The Supreme Court of New York, Kings County, recently dismissed a fraud claim brought by the principal of a title agent against a title insurance company, finding that any claim that the insurer misrepresented the terms of the guaranty-and there was no evidence supporting this claim-was irrelevant because the principal reviewed the guaranty before signing.  See Chicago Title Ins. Co. v. Brookwood Title Agency LLC, 2020 WL 5369206 (N.Y. Sup. Ct. Sep. 04, 2020).  In 2006, the defendant title agent issued a lender's title insurance policy to a lender on behalf of the plaintiff title insurance company.  The agent issued the policy pursuant to a policy-issuing contract between the insurer and the agent, and for which the defendant principal signed a guaranty.  In 2011, the Court voided the mortgage because of a fraud in the prior deed.  After satisfying its obligation to the insured, plaintiff brought this action against the title agent and its principal.  The principal asserted a counterclaim of fraud, claiming that plaintiff misrepresented that the guaranty would be limited any escrow shortages.  Plaintiff then moved to dismiss the counterclaim.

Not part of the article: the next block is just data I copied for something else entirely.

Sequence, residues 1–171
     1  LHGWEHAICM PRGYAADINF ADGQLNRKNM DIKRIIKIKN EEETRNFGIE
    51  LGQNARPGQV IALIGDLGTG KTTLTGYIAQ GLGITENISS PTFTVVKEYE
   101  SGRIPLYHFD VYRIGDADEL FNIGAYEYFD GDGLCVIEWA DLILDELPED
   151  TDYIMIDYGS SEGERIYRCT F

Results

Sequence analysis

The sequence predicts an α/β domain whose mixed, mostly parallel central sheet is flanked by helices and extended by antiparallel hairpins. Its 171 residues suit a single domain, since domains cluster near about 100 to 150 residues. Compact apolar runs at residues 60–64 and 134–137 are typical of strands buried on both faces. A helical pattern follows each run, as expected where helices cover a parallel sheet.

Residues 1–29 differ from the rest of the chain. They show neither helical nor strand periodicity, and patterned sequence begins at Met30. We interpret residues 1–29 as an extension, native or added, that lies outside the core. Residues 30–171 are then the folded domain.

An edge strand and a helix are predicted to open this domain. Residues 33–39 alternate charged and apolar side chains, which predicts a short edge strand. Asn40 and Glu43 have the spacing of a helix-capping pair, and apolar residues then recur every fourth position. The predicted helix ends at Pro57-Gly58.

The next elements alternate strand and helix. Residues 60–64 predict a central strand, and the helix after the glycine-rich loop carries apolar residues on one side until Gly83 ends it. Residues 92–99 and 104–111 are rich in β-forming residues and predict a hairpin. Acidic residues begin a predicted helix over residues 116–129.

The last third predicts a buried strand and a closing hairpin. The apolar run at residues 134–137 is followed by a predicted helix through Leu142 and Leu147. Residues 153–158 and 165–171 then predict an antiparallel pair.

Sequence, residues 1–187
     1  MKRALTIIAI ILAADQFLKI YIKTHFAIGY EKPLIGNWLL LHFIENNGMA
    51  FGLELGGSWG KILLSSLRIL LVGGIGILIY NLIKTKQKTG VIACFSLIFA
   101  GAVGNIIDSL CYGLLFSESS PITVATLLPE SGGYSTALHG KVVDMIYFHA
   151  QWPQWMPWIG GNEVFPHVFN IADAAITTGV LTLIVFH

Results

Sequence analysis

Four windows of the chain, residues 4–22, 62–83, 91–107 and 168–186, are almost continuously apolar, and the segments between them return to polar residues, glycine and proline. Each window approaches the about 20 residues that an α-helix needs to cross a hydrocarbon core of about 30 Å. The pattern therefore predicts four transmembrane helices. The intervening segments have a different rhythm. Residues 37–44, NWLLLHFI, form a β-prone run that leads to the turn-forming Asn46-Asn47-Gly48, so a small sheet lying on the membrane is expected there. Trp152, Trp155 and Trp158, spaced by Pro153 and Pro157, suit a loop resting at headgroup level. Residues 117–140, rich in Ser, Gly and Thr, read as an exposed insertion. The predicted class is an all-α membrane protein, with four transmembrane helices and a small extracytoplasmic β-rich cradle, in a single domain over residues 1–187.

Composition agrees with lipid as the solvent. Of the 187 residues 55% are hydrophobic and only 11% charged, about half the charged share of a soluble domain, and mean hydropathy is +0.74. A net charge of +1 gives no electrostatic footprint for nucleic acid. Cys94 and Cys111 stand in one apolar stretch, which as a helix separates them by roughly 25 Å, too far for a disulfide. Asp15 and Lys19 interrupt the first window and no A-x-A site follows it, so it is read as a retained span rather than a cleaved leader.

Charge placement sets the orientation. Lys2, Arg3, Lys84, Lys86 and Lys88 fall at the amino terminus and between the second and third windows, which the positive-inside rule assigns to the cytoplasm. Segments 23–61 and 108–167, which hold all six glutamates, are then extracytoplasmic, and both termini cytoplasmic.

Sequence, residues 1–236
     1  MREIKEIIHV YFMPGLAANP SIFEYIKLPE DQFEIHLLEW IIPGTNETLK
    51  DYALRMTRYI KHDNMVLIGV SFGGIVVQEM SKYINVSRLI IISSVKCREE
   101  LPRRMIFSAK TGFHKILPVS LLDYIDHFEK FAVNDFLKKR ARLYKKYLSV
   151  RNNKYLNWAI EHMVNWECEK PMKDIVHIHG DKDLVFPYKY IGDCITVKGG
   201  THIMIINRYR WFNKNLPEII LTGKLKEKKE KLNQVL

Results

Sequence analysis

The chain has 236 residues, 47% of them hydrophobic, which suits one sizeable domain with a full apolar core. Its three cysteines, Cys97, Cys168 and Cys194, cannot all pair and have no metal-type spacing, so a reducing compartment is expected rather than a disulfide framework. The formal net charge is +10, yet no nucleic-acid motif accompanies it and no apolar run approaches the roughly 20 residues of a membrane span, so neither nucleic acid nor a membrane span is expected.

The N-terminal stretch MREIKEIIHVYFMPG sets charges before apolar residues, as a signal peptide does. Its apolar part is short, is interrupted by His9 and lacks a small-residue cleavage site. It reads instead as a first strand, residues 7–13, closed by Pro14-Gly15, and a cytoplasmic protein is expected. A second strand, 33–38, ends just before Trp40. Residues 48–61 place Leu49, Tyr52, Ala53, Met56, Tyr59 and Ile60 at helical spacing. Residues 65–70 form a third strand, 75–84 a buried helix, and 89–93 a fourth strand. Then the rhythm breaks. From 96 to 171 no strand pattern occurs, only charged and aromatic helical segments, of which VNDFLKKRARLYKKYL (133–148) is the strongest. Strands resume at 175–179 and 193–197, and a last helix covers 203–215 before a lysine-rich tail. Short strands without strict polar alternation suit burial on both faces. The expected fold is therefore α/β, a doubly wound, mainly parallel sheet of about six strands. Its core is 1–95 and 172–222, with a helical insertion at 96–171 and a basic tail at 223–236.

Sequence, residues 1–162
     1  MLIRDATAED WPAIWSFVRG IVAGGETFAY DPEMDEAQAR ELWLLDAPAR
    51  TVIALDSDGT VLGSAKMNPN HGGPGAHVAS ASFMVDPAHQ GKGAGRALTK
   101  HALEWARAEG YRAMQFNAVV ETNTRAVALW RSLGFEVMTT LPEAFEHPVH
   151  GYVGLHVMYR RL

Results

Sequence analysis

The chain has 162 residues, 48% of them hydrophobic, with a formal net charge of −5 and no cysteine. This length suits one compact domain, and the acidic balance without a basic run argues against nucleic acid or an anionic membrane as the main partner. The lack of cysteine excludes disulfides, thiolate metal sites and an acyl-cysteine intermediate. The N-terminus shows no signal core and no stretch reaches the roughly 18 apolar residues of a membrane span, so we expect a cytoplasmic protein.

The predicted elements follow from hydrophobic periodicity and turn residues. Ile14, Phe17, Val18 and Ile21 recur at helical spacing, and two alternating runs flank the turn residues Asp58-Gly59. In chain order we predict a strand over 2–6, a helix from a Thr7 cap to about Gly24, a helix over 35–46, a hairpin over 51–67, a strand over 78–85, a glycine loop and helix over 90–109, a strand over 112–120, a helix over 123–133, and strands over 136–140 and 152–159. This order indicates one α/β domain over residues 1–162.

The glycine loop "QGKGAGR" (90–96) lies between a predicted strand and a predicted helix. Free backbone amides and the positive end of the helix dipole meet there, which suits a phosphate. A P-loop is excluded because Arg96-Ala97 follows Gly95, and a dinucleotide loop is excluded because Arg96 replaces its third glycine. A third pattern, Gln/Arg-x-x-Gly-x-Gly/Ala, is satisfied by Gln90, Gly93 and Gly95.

The Court granted the motion and dismissed the counterclaim.  The Court found that there was no evidence of any misrepresentation by the title insurance company, but "notwithstanding any representations that may have been made . . . the guaranty was presumably read by Zilberberg and signed by him. Thus, Zilberberg was afforded an opportunity to review the terms of the guaranty and the extent of its reach. Consequently, Zilberberg cannot establish justifiable reliance when he was giving the ability to read the guaranty."  The Court further found that the principal only brought the counterclaim after the Court previously ruled that he was liable for plaintiff's indemnification claim:  "The defendant's true basis for the counterclaim is the fact this court and the Appellate Division interpreted the guaranty as encompassing the indemnification claims sought here. Whether the defendant believed the guaranty should have been read so broadly and whether the defendant would not have signed such guaranty if it had known of this broad interpretation does not constitute fraud [by the title insurer]."

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